Wendy Hanson 22:02
they've achieved? Yeah, I think it's important to to, to find women advisors, like investment, financial, because then you feel like you can ask any questions, you're on more of an even ground, you're talking to somebody, I'm very fortunate to have a woman advisor. And if there is a very big difference, that that the the openness and the sharing, and the what if questions, and very different than anything I've experienced before. Now, that's
Jane Finette 22:32
thank you for sharing. That's so wonderful. And I think it's so you know, again, back to the young women, because talking about money at this, it's so strange, because there's a woman, if you don't have enough money, and enough and kind of air quotes, whatever that is, for one, there's shame. And then if you have quite a bit more money, there's shame. You know, because as, as young women, we're very often taught to take care of it, save it, don't be frivolous with it, don't talk about it, because that's terribly rude. And yet, boys are taught money is a tool, it's a vehicle, when you have some make it work hard for you. And so anyone who's listening that has young daughters, teenagers, young women, just at college, one of the most important things you can do is is do just that. Wendy is fine. Another woman who can help coach you on, on how to say how to do financial investing, which is best best for you. Yeah, let's that.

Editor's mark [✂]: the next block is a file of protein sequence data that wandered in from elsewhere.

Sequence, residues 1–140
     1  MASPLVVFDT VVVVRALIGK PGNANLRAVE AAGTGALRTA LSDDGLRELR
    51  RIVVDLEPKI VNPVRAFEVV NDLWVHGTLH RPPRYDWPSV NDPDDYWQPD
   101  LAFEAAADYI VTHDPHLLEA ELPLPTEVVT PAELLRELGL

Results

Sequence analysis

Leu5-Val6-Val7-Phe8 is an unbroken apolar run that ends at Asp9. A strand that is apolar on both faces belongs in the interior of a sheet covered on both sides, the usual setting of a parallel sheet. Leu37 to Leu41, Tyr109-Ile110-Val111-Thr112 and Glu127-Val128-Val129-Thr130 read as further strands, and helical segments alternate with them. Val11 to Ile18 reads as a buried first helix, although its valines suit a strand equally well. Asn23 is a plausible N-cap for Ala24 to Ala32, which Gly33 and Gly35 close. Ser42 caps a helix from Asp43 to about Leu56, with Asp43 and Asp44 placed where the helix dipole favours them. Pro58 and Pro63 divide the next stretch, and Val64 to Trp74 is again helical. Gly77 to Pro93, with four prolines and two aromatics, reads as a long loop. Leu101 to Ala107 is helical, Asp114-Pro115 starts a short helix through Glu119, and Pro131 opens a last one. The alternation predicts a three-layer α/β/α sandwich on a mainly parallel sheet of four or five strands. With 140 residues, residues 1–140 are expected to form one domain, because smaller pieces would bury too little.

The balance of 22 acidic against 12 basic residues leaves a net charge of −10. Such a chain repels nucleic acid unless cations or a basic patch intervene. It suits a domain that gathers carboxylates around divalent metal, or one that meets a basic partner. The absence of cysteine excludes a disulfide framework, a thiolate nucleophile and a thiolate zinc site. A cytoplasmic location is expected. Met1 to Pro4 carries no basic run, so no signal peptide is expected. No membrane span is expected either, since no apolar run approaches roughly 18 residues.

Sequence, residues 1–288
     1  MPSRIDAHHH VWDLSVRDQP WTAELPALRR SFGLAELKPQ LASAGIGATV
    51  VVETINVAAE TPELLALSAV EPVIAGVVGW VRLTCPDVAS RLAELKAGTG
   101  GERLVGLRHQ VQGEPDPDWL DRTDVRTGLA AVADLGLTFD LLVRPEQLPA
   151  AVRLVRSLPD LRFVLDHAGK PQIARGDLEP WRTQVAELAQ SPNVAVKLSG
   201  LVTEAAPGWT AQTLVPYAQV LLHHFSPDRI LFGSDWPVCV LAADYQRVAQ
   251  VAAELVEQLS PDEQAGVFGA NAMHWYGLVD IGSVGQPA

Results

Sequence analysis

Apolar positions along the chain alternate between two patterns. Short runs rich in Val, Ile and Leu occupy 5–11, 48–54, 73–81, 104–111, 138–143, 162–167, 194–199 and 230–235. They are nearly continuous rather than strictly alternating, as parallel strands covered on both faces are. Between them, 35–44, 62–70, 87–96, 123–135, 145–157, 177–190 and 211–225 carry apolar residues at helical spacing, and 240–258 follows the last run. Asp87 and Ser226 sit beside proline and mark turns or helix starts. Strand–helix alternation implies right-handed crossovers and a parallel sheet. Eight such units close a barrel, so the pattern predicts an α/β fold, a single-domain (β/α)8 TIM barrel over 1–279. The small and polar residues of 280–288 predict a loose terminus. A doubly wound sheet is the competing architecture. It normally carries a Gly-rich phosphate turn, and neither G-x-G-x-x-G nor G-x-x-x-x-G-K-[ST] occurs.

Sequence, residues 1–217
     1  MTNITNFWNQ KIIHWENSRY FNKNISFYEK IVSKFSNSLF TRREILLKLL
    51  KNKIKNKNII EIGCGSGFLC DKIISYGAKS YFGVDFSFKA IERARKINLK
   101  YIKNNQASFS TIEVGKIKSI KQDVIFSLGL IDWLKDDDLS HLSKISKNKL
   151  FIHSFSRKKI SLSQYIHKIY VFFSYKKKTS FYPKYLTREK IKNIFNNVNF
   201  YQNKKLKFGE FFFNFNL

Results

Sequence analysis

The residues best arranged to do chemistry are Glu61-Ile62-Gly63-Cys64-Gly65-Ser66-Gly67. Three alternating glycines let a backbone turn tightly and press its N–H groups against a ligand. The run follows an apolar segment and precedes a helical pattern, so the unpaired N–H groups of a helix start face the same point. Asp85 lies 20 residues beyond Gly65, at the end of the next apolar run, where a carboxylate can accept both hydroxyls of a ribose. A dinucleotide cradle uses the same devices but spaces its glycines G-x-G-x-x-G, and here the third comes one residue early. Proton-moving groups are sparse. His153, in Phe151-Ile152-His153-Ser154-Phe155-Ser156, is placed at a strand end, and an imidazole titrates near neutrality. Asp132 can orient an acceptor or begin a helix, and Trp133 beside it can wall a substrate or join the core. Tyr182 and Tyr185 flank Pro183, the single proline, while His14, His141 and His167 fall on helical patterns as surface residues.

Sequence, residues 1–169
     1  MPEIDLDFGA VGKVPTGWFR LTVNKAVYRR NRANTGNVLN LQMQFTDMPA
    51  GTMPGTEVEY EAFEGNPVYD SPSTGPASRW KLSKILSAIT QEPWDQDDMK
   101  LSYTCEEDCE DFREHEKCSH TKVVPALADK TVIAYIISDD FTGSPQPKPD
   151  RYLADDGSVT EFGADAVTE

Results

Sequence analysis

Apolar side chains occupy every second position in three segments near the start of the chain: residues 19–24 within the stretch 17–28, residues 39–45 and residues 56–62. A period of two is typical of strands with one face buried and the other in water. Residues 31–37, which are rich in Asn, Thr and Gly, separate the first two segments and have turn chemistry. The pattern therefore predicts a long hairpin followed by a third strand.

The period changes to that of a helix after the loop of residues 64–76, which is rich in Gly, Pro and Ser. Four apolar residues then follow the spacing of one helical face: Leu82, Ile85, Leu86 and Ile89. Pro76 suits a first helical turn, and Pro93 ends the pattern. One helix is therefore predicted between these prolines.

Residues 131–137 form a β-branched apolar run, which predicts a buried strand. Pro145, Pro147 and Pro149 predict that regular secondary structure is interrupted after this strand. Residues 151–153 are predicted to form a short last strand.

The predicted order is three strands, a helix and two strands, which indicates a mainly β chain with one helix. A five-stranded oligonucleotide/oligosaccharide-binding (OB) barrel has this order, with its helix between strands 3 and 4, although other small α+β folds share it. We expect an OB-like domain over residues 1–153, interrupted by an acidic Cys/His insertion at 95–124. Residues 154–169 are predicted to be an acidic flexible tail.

Wendy Hanson 23:37
Another thing. I love what you're saying about networking, and how it seems like a turnoff, you know, to young women like going out networking. I had worked on a concept with some partners, years back about tag team networking. So which is doable, going in by yourself. Take one of your colleagues and you go in together, even people from different companies, I used to do this quite a bit, you'd go to a networking event, and Maureen would want to meet somebody that I knew. So I would be set up to go over and say, Gosh, John, I'd love you to meet my colleague, Maureen. And it made so much more comfortable for both. So that tag team, you don't feel so alone. Because, as you know, so well. They don't do well speaking about themselves like men. You know, there's lots of statistics on that. Like, if you guys command, do you have these like characteristics? Qualities skills? Oh, yeah, absolutely. They do. Say, No, I don't quite have that. They're very honest. You know, and they'll say, No, I don't really have that. But they're competing against this man who says, oh, yeah, I have all of that. So we need to be able to support each other in that way too. Personally, as we come out, I love that tag team and do other things. So I absolutely